In his free Inaugural lecture, Adapting to Diversity, Professor Richard Crisp, will discuss the psychological science that changes the parameters of this debate.
Richard, a Professor of Psychology at Aston Business School has established an international reputation in the psychology of prejudice and intergroup relations. He will show why he believes that understanding ‘the social mind’ can help promote intercultural exchange, and how, in turn, this can have benefits that extend beyond intercultural relations. This includes reducing prejudice and improving intercultural relations within organisations and businesses, while also enhancing the confidence, creativity, productivity and performance of individuals.
Professor Crisp is perhaps best known for developing the concept of ‘imagined contact’ – a mental simulation technique that models interactions between people from different cultures and groups. As a social psychologist his current projects include developing science-based solutions to prejudice, discrimination and social conflict issues facing business, enterprise and the professions.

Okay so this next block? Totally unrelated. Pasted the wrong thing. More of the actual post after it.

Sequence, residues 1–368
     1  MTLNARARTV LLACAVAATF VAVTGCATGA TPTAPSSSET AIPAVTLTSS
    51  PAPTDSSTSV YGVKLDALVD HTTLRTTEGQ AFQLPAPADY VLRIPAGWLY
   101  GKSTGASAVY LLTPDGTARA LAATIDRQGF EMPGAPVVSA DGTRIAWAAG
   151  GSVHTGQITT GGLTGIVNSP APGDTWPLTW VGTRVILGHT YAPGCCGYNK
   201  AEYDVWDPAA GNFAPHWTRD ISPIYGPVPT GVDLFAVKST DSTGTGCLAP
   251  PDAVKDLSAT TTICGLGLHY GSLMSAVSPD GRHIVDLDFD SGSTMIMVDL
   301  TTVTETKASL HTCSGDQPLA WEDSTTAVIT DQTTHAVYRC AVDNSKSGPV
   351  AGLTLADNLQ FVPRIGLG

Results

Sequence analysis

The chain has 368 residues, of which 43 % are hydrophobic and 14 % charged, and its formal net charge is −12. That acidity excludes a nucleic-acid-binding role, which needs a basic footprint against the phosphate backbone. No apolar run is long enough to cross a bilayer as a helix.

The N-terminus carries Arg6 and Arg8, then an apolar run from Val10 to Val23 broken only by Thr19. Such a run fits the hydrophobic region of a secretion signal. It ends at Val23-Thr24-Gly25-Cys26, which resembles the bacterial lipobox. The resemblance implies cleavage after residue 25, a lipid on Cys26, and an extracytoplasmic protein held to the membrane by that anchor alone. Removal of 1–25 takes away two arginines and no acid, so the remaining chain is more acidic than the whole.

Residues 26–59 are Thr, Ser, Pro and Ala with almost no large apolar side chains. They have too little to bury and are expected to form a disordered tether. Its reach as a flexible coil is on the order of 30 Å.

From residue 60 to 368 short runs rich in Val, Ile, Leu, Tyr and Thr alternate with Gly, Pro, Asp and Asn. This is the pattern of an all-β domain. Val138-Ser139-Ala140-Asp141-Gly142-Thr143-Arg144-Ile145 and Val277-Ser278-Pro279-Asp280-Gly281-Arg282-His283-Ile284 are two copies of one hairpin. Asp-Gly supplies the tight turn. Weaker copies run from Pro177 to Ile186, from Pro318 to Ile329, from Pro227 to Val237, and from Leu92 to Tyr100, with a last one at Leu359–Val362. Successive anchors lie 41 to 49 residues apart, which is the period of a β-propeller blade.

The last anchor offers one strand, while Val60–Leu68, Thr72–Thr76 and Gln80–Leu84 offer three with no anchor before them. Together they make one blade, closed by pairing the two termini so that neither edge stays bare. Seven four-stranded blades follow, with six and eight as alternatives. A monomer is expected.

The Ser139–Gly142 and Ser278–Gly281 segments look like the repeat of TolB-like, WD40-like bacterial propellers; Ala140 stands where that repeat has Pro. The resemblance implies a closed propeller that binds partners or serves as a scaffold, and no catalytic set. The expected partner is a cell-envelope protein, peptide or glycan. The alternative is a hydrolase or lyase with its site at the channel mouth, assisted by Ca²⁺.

Richard was winner of the British Psychological Society Presidents’ Award for Distinguished Contributions to Psychological Knowledge 2014. The Award is conferred to psychologists who are currently engaged in research that is judged to be of outstanding quality. In his twenty-year career, Professor Crisp has written or co-authored more than 130 articles and chapters in books, which are recognised to have made important contributions to psychologists’ understandings of social categorisation on businesses and the professions.
The Aston Inaugural, Adapting to Diversity, is free and open to all. It will be held at the Sumpner Lecture Theatre, Aston University Main Building, on Wednesday 20th May at 6.30pm. Registration with tea and coffee from 6pm with a complimentary buffet to follow the lecture.
Register your place here or for further information please contact Emma Tromans on 0121 204 4542 or email firstname.lastname@example.org